Ideophones, expressiveness and grammatical integration

Ideophones —vivid sensory words found in many of the world’s languages— are often described as having little or no morphosyntax. That simple statement conceals an interesting puzzle. It is not often that we can define a word class across languages in terms of its syntax (or lack thereof). After all, most major types of word classes show intriguing patterns of cross-linguistic variation. There is no particular reason to expect that the morphosyntactic position or degree of embedding of, say, noun-like or verb-like words will be similar across unrelated languages. Indeed that is why typologists define comparative concepts primarily by reference to semantic rather than grammatical or morphosyntactic properties (Croft 2003; Haspelmath 2007).  Continue reading

Sound symbolism boosts novel word learning: comparing ideophones and adjectives

We have a new paper out. It’s actually been available since February in an online-first version, but for those of us who love page numbers and dead trees, the journal has now printed it in its August issue on pages 1274-1281. Citation:

Lockwood, G., Dingemanse, M., & Hagoort, P. (2016). Sound-symbolism boosts novel word learning (PDF). Journal of Experimental Psychology: Learning, Memory, and Cognition, 42(8), 1274-1281. doi:10.1037/xlm0000235

This is another one for which we’ve made available the stimuli —word lists and sound files— through OSF, contributing to our mission to make research from our lab replicable. Also, we have since replicated the results in a follow-up study where we also took EEG and individual difference measures.

I provide a quick summary in 2×3 points below. For a write-up that’s much more fun and has great illustrations, check out Gwilym Lockwood’s Sound symbolism boosts novel word learning: the MS Paint version. Continue reading

Sound symbolism in language: Does nurunuru mean dry or slimy?

Guest posting by Gwilym Lockwood, PhD student in the Neurobiology of Language Department at the Max Planck Institute for Psycholinguistics. Also see papers for more info and scientific results.

Picture taken from Gomi 1989 ‘An illustrated dictionary of Japanese onomatopoeic expressions’

Picture taken from Gomi 1989 ‘An illustrated dictionary of Japanese onomatopoeic expressions’

When you hear the word dog, you understand it because you have learned that meaningless individual sounds mean dog when arranged in a specific order into a word – it’s not like d means “fluffy”, o means “four legs”, and g means “enjoys rolling in smelly things”. The sound of the word dog is unrelated to the thing it means – it just so happens that the combination of d, o, and g in English mean dog. The same concept in other languages is expressed with very different sounds; hond in Dutch, inu in Japanese, sobaka in Russian. The idea that the individual sounds which make up words are unrelated to the meaning of the word that those sounds express is called arbitrariness in linguistics.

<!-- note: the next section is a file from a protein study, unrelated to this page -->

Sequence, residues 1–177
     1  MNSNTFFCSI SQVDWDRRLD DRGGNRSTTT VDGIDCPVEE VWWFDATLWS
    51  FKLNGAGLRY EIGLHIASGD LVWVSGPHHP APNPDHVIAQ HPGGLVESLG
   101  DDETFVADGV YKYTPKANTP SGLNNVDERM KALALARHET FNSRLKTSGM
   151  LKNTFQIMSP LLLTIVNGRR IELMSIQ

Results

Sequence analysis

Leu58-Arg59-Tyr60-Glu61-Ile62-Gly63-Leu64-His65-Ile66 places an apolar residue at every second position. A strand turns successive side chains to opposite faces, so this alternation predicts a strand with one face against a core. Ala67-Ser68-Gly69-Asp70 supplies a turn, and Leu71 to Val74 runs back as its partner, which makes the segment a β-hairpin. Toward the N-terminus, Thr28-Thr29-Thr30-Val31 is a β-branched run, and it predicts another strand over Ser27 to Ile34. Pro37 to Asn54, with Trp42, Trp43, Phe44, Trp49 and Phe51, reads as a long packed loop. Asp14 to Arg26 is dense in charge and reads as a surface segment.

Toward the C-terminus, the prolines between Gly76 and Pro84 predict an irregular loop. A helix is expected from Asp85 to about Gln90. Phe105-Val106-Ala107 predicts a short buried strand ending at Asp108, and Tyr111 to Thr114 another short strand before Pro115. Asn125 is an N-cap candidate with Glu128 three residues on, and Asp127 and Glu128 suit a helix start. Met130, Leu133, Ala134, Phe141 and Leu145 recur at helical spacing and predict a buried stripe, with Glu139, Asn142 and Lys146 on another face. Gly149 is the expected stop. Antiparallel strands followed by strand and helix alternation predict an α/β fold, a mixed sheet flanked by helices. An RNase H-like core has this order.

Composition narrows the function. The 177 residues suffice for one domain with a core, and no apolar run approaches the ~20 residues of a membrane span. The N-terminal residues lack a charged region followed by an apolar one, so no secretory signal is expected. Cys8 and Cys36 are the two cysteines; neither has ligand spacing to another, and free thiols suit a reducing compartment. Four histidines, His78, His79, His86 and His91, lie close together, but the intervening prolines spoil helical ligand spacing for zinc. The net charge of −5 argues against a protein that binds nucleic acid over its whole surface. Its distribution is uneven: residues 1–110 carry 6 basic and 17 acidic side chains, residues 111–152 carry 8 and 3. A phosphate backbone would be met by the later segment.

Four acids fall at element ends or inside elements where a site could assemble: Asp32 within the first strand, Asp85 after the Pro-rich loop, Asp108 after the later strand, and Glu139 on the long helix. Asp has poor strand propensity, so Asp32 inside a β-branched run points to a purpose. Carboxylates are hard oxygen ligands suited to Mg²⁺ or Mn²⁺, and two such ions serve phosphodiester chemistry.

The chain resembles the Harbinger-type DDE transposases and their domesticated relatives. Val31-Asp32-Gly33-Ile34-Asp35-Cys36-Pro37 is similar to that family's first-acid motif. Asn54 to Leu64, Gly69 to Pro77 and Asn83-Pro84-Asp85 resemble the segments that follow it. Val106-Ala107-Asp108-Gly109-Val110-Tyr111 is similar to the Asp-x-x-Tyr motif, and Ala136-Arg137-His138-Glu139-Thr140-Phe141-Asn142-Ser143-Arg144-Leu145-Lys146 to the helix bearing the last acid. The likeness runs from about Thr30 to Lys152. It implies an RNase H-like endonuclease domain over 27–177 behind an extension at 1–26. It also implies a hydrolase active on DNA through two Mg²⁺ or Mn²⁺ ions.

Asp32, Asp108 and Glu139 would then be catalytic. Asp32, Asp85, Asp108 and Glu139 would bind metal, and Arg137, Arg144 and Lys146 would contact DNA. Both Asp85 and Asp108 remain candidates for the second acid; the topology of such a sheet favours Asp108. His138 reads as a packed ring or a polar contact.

Arbitrariness seems to make sense; if the sounds of language did have specific meanings, if the sounds of words were related to the things they mean, then surely all languages would sound quite similar. Given that they rather obviously do not (for example, Hawaiian has only eight consonants, while Georgian has 28, and !Xóõ, spoken in Botswana, has at least 58), it is safe to say that there is little or no relation between sound and meaning.

However, researchers have recently started to investigate this assumption. Several languages around the world use sound symbolic words called ideophones, which are used to talk about sensory imagery. Interestingly, these words seem to be directly related to their meaning (i.e. the sounds of the words are symbolic of their meaning), and even more interestingly, there seems to be something universal about these words – several experiments have shown that people who don’t speak these languages can still understand (or accurately guess) the meanings of ideophones.